1155 INVESTMENT CO. v. TAMARAC CLUB, 537 So.2d 154 (Fla.App. 4 Dist. 1989)


No. 88-2162.District Court of Appeal of Florida, Fourth District.
January 11, 1989.

Appeal from the Circuit Court, Broward County, James M. Reasbeck, J.

Henry W. Clar, Miami, for appellant.

No appearance for appellees.


This is an appeal from a non-final order. We reverse.

Appellee filed a complaint seeking to foreclose a mortgage on a condominium unit located in Broward County. The complaint named as defendants the mortgagors and owners of the property, unknown tenants of the property, and appellant, which was named by virtue of its previously recorded notice to claim an interest in the subject property and lis pendens.

A summons on the complaint was issued and the return of process shows that a private process server attempted to make service on appellant but “that after diligent search and inquiry [he] failed to find [appellant] in Broward County, Florida.”

An alias summons was then issued and service therof made on the Secretary of State of Florida as agent for appellant, which received no notification that appellee had made substituted service of process.

Appellee moved for the entry of a default against appellant on the ground of appellant’s failure to serve or file any paper in the action and the clerk entered a default against appellant. Appellant then moved to vacate the default and to quash

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the substituted service of process on which the default was premised, which motion was denied.

Appellant contends that the trial court erred in denying his motion to vacate the clerk’s entry of a default and to quash the substituted service of process. It points out that the substituted service effectuated in the instant case was defective in that the complaint was devoid of any jurisdictional allegations which would justify such service and in that there was noncompliance with the notice requirement of section 48.161, Florida Statutes (1985). That section provides, in relevant part:

Notice of service and a copy of the process shall be sent forthwith by registered or certified mail by the plaintiff or his attorney to the defendant, and the defendant’s return receipt and the affidavit of the plaintiff or his attorney of compliance shall be filed on or before the return day of the process or within such time as the court allows, or the notice and copy shall be served on the defendant. . . .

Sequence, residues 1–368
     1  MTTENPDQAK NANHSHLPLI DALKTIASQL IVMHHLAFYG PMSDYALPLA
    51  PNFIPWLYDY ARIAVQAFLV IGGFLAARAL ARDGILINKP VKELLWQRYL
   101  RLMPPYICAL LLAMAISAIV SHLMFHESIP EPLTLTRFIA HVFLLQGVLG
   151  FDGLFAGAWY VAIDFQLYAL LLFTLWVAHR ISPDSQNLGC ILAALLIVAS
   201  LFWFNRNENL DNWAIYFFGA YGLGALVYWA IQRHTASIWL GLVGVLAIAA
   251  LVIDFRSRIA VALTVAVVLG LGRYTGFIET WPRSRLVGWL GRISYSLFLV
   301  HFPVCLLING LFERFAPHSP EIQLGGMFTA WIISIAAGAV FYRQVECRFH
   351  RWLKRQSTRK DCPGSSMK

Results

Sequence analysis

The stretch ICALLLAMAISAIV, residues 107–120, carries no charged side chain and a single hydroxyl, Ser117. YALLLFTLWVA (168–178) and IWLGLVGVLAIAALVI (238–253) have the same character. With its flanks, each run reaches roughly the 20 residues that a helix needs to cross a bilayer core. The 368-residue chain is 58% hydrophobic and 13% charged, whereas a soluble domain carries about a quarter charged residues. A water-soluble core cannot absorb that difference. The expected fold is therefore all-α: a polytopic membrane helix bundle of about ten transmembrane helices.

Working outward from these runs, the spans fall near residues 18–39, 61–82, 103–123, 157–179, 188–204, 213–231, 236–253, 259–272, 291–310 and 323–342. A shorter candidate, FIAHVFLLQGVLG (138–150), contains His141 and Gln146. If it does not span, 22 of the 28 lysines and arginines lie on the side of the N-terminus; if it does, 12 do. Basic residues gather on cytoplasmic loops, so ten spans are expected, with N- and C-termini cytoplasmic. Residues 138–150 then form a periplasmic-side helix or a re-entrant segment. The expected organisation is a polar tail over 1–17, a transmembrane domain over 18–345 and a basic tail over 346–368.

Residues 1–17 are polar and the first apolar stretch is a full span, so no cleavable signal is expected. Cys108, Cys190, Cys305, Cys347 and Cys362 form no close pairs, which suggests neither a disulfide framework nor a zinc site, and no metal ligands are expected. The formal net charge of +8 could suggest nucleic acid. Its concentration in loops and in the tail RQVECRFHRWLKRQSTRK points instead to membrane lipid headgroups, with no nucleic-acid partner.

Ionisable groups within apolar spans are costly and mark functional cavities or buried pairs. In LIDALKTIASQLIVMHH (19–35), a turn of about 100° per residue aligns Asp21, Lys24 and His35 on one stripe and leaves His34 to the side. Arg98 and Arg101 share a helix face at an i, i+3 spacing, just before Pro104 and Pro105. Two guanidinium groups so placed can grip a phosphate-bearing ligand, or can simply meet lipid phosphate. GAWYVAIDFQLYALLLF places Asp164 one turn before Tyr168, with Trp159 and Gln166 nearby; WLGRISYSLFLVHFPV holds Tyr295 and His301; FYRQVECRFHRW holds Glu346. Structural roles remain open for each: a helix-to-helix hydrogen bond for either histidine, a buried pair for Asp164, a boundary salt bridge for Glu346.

Appellant’s arguments are meritorious. This court in Ferguson v. McWilliams, Jr., 483 So.2d 509 (Fla. 4th DCA 1986), noted that:

[t]o support substituted service of process on a defendant, the complaint must allege the jurisdictional requirements prescribed by statute. If it fails to do so, then a motion to quash process and service of process should be granted.

(Citations omitted). A review of the complaint served on the Secretary of State in the instant case reveals that it is devoid of the requisite jurisdictional allegations justifying the use of substituted service of process.

Additionally, the notice required by section 48.161, Florida Statutes, was not complied with. In Turcotte v. Graves, 374 So.2d 641
(Fla. 4th DCA 1979), this court held that substituted service of process was insufficient where the statutory requirement of mailing process to the defendant was not met. In the instant case, it appears that the appellee failed to mail the process by certified or registered mail to the appellant.

We note that although the case was subsequently voluntarily dismissed in the trial court, the appeal was considered on its merits because of the fact that an identical situation is likely to recur.

LETTS and GLICKSTEIN, JJ., concur.

ANSTEAD, J., dissents with opinion.

ANSTEAD, Judge, dissenting.

I would dismiss the appeal as moot in light of the dismissal of the action in the trial court.